Age: 14

Nationality: Malawian

NOTE: Levi was questioned three months after he and his father were relocated to the Cape Town city enclave. His story begins after they were rescued from the informal settlement fires that raged through the city two days after the dead started rising.

After the fire started, we escaped to the big soccer stadium. All around us the city burned; even the mountain was on fire. The smoke was so thick in the air that many of us were struggling to breathe. And the air was hot, like it was the middle of summer. But the heavy smoke meant that we did not have to see the horrible things on the roads. I mean, I was trying to be brave. I was too old to be scared, but I was glad for the smoke. Already I had seen my neighbour struck down, her stomach spilling from between her fingers, and then, as she stood up again, her eyes rolled back in her head as if she was mad. And with her guts outside her body, she walked away. Impossible things were happening.

When we arrived at the stadium my father and I spent many hours looking around for my brother, but he had been taken away on one of the other buses, and we could not find him.

We never found him.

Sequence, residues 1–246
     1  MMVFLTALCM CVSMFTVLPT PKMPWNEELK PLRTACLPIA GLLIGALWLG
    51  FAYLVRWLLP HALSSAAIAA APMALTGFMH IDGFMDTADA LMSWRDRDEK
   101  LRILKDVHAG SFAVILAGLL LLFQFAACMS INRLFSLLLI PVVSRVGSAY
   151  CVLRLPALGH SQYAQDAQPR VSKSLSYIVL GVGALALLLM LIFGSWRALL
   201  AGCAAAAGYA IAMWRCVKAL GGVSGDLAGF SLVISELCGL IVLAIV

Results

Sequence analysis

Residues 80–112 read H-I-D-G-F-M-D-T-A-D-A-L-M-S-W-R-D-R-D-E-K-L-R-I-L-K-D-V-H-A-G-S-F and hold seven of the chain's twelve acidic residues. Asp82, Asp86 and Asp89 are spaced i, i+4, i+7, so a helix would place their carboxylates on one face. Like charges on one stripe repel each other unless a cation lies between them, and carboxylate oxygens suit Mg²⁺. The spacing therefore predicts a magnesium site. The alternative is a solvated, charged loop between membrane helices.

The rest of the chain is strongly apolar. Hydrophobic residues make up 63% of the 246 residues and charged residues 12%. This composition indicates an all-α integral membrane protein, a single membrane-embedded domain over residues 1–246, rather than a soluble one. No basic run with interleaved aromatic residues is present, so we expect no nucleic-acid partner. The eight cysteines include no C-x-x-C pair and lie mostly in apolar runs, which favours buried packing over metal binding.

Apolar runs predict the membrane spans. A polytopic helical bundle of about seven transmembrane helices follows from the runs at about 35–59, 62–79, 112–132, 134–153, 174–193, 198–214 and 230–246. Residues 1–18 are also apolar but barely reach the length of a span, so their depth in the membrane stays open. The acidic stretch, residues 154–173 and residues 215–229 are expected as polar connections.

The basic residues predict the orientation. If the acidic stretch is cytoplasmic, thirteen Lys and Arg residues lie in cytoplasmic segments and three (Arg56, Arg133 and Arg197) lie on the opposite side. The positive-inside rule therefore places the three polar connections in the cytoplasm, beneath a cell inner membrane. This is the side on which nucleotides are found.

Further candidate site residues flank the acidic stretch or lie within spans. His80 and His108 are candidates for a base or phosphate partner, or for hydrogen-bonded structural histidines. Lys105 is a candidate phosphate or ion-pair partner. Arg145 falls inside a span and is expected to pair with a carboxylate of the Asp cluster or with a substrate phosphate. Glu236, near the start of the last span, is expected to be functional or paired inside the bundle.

There were so many of us! Most, like me, came from Khayelitsha; others from all over Cape Town. There were white people, black people, coloured people, refugees like us from Zimbabwe, the DRC and Malawi, rich tourists who had come out here for the World Cup soccer, old people, children, babies (some without mothers), sick people and the dying. We stayed there for three weeks, fighting off the Dead Ones who managed to break in. Many of us died. But the Dead Ones weren’t our only problem. We had very little food and water, and the smell of the toilets was terrible. It was bad, and many got sick. And then, just when we thought we would starve to death, just when some were saying that they would kill themselves, the first of the Guardians came to us. We didn’t know what to think of them at first. Whether to trust them or not. We knew, in our hearts, that they were not people like us, but they did not try to kill us like the Dead Ones. They wore robes like priests and did not speak to us. But they brought us food. There were many fights at first over the food, but those who caused trouble were taken away quickly. At first people called them the Shepherds, as they would guard us from the Dead Ones, as if we were sheep. But then people started to call them the Guardians.